In previous blog posts we’ve talked about the effectiveness of Cultural Moments and Competitions content and how companies leverage this activity. But Corporate Social Responsibility (CSR) is also an important part of a company’s social media presence, so we wanted to take a deeper look into the relationship between CSR and positive sentiment.
What is CSR and why is it important?
CSR has become a key part of the corporate world. Consumers want to see companies be aware of and responsible for their impact on the community around them. We have previously discussed that engagement drives return, particularly positive engagement – shares and comments – so it’s only natural that companies have caught on to the fact that CSR posts can equate to engagement and sentiment.
Let’s take Foodstuffs as an example.
At the end of 2018, Foodstuffs supermarkets New World, PAK’nSAVE and Four Square announced that they will stop supplying single-use plastic bags in all stores across the country to try and reduce the amount of plastic in the environment. These supermarkets have been encouraging their customers to switch to reusable options, such as tote bags, and have recently been using #PlasticFreeJuly as part of their ongoing social media campaign. New World’s Bags Not post generated almost 70% of positive sentiment with many Kiwis praising the supermarket for taking steps towards an environmentally friendly and sustainable company practice.
New World has also combined a CSR post with a competition which yielded positive results. To promote their latest initiative, BYO containers to use at the butchery, seafood, bakery and deli counters, they gave their audience a chance to win one of three sets of Sistema Brilliance leak-proof containers, simply by commenting on the post what they will be shopping for with the BYO containers. This initiative was part of the company-wide reduction in plastic use. Over 3.7k comments were made on the post, many of them congratulating New World again for taking another step towards reducing the use of plastic in their stores. The post had the highest engagement against New World’s competition with a shares-to-like ratio of 19%.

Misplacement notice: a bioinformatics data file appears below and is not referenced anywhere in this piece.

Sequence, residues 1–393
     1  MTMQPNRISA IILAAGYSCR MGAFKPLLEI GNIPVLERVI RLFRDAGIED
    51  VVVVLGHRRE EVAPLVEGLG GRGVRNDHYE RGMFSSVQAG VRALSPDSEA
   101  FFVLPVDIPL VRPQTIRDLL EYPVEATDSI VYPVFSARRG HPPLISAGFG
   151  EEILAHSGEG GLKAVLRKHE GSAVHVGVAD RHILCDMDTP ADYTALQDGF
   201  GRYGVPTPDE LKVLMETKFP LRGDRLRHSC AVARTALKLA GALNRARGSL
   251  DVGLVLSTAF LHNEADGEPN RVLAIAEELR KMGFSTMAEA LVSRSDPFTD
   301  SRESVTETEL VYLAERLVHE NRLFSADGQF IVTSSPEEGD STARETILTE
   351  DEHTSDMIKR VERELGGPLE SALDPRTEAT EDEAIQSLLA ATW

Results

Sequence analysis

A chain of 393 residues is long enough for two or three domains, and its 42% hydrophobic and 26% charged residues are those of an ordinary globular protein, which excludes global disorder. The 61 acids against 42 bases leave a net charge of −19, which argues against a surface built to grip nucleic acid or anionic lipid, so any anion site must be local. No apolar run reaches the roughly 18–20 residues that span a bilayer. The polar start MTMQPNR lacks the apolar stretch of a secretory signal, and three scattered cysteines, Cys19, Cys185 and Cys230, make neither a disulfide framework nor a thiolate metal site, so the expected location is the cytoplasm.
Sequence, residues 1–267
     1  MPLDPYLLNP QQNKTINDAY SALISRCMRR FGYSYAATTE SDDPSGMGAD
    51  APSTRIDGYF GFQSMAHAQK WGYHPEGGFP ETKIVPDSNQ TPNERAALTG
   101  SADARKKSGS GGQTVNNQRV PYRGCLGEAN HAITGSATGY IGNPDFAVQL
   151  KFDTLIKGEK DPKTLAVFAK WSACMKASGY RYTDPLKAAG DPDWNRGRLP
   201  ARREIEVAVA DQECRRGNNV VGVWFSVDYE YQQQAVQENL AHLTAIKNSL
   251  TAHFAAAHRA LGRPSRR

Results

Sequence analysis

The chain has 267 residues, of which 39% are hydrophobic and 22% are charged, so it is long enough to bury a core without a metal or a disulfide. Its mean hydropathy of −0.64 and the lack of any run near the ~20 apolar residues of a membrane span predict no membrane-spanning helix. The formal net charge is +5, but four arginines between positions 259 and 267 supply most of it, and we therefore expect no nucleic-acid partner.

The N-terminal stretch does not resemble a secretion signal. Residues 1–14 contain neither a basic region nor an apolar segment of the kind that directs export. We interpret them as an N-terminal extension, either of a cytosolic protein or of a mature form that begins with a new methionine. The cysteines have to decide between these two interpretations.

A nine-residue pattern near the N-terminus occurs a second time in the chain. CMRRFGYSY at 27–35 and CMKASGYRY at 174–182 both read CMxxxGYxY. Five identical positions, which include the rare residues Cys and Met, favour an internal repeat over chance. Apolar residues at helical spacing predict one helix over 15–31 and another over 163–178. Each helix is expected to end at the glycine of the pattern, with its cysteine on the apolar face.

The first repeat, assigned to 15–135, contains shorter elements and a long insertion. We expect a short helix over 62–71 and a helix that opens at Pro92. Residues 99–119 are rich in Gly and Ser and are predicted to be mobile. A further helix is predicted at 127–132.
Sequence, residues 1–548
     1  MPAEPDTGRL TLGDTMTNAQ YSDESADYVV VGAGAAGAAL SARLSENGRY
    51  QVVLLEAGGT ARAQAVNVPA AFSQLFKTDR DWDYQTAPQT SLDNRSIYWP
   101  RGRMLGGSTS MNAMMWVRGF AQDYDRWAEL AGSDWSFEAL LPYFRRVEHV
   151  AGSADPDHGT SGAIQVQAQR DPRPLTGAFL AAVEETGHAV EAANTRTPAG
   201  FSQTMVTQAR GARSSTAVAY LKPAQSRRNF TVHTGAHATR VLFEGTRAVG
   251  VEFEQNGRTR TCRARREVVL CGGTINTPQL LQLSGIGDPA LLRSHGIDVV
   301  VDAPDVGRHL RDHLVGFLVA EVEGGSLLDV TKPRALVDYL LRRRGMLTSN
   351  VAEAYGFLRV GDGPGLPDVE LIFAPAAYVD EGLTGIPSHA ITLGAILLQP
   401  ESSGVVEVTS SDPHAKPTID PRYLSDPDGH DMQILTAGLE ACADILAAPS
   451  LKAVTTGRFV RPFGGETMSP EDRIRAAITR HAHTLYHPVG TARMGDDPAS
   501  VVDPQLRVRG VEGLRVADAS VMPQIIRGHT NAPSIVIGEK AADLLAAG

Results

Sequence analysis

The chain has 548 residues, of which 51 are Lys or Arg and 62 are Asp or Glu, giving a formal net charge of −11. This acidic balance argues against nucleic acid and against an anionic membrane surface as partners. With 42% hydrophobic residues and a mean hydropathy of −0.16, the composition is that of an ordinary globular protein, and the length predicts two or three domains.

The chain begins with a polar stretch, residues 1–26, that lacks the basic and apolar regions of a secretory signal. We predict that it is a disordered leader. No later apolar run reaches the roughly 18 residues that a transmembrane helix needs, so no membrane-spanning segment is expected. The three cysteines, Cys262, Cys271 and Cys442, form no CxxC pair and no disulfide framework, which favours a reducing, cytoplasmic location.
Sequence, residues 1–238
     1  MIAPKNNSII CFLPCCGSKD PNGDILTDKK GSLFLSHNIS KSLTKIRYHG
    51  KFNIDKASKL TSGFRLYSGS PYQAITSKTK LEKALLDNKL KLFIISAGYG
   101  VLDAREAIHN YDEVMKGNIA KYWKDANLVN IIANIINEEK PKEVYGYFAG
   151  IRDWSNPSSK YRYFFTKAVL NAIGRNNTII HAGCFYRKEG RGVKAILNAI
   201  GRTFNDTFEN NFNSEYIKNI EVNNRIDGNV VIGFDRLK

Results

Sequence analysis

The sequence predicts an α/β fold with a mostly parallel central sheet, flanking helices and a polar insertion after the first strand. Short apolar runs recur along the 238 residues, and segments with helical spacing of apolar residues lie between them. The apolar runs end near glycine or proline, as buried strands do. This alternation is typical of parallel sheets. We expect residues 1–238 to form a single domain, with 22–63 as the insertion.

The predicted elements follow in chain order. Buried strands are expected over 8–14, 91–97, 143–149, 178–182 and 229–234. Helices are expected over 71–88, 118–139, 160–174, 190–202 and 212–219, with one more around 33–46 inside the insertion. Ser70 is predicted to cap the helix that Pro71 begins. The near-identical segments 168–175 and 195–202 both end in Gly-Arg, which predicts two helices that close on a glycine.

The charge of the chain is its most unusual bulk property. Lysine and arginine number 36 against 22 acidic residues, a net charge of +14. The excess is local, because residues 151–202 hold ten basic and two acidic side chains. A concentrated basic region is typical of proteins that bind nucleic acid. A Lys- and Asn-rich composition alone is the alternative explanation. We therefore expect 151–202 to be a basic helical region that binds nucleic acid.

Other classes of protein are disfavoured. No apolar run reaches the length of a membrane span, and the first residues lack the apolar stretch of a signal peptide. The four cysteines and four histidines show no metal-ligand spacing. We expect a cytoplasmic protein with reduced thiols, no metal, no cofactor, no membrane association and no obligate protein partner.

ASB’s This Is Us campaign is another example of successful CSR posting on social media. The campaign is a collaboration between ASB and Kiwi poet, playwright and short story author, Courtney Sina Meredith. The one-minute video centres around a poem written and performed by Meredith, celebrating and encouraging diversity. The video features ASB staff and customers at different events such as Diwali, Auckland Lantern Festival and Polyfest, all events which ASB sponsor. The video saw a shares-to-like ratio of 11%. The following posts in this campaign featured ASB employees from various areas of the company with a short story about their lives, their culture and becoming part of ASB using #ThisIsUs.
CSR and positive sentiment
CSR posts have the ability to decrease and/or convert neutral sentiment into positive sentiment. Positive sentiment via comments and shares is one of the most important metrics relating to engagement. To put it simply: 89% of uplift is driven by positive comments and shares (for more on this, check out our whitepaper).
If a company is seen to be involving themselves in the community or supporting charities, for example, consumers are more likely to respond positively to the company. This translates into engagement on social media – all of which drives performance.
So, how can CSR be optimised?
CSR posts make up 27% of overall social media content, on average. These posts can be leveraged further if they are combined with another one of the five common categories, like the New World post which combines CSR and Competition.
- CSR posts make up 27% of social media content, on average.
- They have the ability to shift ‘neutral’ sentiment into ‘positive’ sentiment.
- CSR posts yield long-term quality engagement.
- Combining CSR with another common content category is a successful tactic.